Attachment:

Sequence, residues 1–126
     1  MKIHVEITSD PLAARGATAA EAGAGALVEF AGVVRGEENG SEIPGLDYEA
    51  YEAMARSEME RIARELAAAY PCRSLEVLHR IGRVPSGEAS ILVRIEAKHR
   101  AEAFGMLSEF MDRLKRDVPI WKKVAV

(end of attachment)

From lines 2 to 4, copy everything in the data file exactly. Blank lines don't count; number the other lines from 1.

     1  MKIHVEITSD PLAARGATAA EAGAGALVEF AGVVRGEENG SEIPGLDYEA
    51  YEAMARSEME RIARELAAAY PCRSLEVLHR IGRVPSGEAS ILVRIEAKHR
   101  AEAFGMLSEF MDRLKRDVPI WKKVAV